July 26, 2004  (STAR) CITIZEN OF THE WORLD By Edu Jarque  -  They promote tourism – in their own special way – during their working hours at the Philippine Department of Tourism or at the attached agencies whether it be the Philippine Tourism Authority, the Philippine Convention and Visitors Corporation, Intramuros Administration, Duty Free Philippines, Nayong Pilipino and the National Parks and Development Committee.

And yet on their off-hours, with their cameras and films, lenses and lights, they hop around the islands to capture images that may help the would-be traveler and tourist make up their minds and decide on which destination to visit next.

To achieve these goals, the amateur camera-clicking fanatics have informally bonded together into what is known as the Society of Tourism Photographers. Culled from their collection not previously shown in any of the photo exhibits sponsored regularly, they have their own favorites for reasons only known to them. And they’re here to tell us why.


One afternoon, as I was rushing to capture historic Manila Day on film, my possible entry to the first photo exhibit of the Society of Tourism Photographers, I noticed a group of Chinese tourists contemplating on the life of Dr. Jose Rizal, before his monument at the Luneta. It touched a nationalistic chord in my heart.

"Shame, shame," I said to myself, "while foreigners spare a moment or two before our National Hero’s Shrine, it has never dawned on me, a Filipino at that, to even consider the final resting place of the Great Malay as a subject of a photo shoot. Wasting no time at all and before the visitors disperse, I got my camera from its case and pressed the shutter. This picture reminds me of my insensitivity to the memory of the greatest Filipino. A favorite for many reasons.


It was April 2002, two days before my birthday and three years since I had set foot for the very first time on the island of Boracay, a favorite destination, a place where my camera and I go berserk. Upon arrival, I could not wait to rush to the beach, as the bright, hot sun was slowly setting in the west – dramatically at that. I was mesmerized. The scenario seemed surreal. I just froze. I stood there for the longest time. Then I realized I wanted to take some pictures. A bit late, I thought. So I grabbed my camera and as they say, clicked and clicked till it was dark. Returning home, I chose my favorite and submitted it for our photo contest. Guess what? It won the first prize!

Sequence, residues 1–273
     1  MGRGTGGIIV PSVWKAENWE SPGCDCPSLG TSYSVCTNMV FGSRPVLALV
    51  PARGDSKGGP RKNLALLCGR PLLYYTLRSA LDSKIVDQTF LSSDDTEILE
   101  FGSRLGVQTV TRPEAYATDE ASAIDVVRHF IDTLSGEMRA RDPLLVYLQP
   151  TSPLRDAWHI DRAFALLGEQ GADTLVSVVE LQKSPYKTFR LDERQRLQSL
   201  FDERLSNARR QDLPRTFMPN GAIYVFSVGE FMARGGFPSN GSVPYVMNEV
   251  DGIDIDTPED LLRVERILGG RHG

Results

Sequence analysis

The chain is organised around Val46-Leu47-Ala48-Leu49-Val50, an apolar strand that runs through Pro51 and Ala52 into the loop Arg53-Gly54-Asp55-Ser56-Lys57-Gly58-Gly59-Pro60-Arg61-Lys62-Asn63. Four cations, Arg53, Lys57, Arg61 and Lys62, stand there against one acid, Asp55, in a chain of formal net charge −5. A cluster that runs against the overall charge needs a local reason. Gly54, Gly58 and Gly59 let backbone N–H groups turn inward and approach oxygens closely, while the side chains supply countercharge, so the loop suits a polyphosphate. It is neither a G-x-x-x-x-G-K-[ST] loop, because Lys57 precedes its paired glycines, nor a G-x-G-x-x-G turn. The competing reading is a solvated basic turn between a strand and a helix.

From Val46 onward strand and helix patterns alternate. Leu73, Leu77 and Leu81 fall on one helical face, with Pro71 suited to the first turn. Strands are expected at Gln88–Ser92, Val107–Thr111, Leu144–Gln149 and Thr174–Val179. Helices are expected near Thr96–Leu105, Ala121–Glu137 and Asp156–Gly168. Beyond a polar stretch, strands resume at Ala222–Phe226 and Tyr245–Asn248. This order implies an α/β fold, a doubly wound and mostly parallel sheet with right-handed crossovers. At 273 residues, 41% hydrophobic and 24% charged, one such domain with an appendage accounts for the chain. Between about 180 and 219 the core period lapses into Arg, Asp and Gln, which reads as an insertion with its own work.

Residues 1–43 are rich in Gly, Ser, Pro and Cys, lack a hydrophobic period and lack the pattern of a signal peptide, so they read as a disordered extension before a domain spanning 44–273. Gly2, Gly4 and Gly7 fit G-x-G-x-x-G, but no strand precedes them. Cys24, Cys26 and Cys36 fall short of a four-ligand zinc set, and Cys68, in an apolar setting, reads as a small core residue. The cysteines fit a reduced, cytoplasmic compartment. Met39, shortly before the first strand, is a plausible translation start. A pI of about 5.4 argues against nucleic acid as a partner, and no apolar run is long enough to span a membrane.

How can I ever forget the pure, sheer joy of the pretty ladies in colorful costumes, members of the Sagayan Cultural Dance Troupe from Lanao del Norte, who participated in the year-long highly-successful WOW Philippines: Best of the Regions presentations in Intramuros, where they entertained the first family during the President’s birthday celebration within its walls, and where I brought my two-year-old daughter. She insisted they were talking dolls and wanted to take them home. Unable to do so, I hurriedly took this photo just for her. Whenever she sees it, she smiles. I know this picture has likewise become a favorite of hers.


Don’t ask me why, but I love bangkas of any make or color, size or shape. So whenever I visit my home province of Batangas, I can’t seem to get enough photos of bangkas – at work, at play, at rest, at repair. I have always wondered... if they could only speak – such stories, such revelations, enough to fill the pages of many books, even a small library.

Tito Umali

I agreed on a last minute coverage of the Camp North Caravan for it included a visit to the northernmost part of Cagayan Valley, where I had not been since my kindergarten days some decades ago. All I recall of Tuguegarao was the simple lifestyle and the desolate landscape of its outlying towns. And friends tell me, all that has changed. I had to see for myself.

The week-long 2,000-kilometer stretch – where nothing seemed to go right (but that’s another story altogether) and worsened by the intense heat of the bright summer sun – reminded me of deserts and more deserts. On the fourth day, we suddenly chanced upon a bend, literally situated at the tip of the island of Luzon along the mountain highway of Claveria, Cagayan, near the boundary of Ilocos Norte.

We stopped. Got out of the van. Cool fresh air at noon. Lush vegetation. Fine cream-colored sand. Sea rushing to the shore. Not a soul in sight. What a marvelous view! Here is the proof.


Mayon Volcano, with its perfect symmetry visible for miles specially on a clear day and appreciated by all, is truly without a doubt, a sight to behold. Its beauty is absolutely awesome!

A true favorite. Definitely my most cherished picture taken of nature’s gift to my province. I won a prize for it.

Reported by: Sol Jose Vanzi

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